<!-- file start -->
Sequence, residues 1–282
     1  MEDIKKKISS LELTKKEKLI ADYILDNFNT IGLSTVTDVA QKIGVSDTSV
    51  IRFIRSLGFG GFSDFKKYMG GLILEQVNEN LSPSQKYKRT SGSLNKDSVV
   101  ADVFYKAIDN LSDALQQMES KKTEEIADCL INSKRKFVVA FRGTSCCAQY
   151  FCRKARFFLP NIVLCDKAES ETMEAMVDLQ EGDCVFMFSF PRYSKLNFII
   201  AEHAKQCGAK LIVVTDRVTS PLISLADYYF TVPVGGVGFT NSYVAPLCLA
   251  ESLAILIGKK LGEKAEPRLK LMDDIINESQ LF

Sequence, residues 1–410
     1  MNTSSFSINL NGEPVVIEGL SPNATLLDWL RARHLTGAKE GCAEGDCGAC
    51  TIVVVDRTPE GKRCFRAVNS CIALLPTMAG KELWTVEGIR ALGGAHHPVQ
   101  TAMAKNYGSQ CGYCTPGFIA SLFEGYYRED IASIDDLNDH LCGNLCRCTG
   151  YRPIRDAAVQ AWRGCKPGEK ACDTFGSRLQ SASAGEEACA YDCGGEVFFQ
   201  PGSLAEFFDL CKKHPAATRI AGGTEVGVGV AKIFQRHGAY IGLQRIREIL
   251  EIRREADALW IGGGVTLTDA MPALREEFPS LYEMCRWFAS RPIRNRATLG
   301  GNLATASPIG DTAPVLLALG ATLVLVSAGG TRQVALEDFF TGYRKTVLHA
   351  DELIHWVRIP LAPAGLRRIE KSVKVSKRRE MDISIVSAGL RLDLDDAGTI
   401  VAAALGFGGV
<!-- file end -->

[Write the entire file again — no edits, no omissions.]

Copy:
Sequence, residues 1–282
     1  MEDIKKKISS LELTKKEKLI ADYILDNFNT IGLSTVTDVA QKIGVSDTSV
    51  IRFIRSLGFG GFSDFKKYMG GLILEQVNEN LSPSQKYKRT SGSLNKDSVV
   101  ADVFYKAIDN LSDALQQMES KKTEEIADCL INSKRKFVVA FRGTSCCAQY
   151  FCRKARFFLP NIVLCDKAES ETMEAMVDLQ EGDCVFMFSF PRYSKLNFII
   201  AEHAKQCGAK LIVVTDRVTS PLISLADYYF TVPVGGVGFT NSYVAPLCLA
   251  ESLAILIGKK LGEKAEPRLK LMDDIINESQ LF

Sequence, residues 1–410
     1  MNTSSFSINL NGEPVVIEGL SPNATLLDWL RARHLTGAKE GCAEGDCGAC
    51  TIVVVDRTPE GKRCFRAVNS CIALLPTMAG KELWTVEGIR ALGGAHHPVQ
   101  TAMAKNYGSQ CGYCTPGFIA SLFEGYYRED IASIDDLNDH LCGNLCRCTG
   151  YRPIRDAAVQ AWRGCKPGEK ACDTFGSRLQ SASAGEEACA YDCGGEVFFQ
   201  PGSLAEFFDL CKKHPAATRI AGGTEVGVGV AKIFQRHGAY IGLQRIREIL
   251  EIRREADALW IGGGVTLTDA MPALREEFPS LYEMCRWFAS RPIRNRATLG
   301  GNLATASPIG DTAPVLLALG ATLVLVSAGG TRQVALEDFF TGYRKTVLHA
   351  DELIHWVRIP LAPAGLRRIE KSVKVSKRRE MDISIVSAGL RLDLDDAGTI
   401  VAAALGFGGV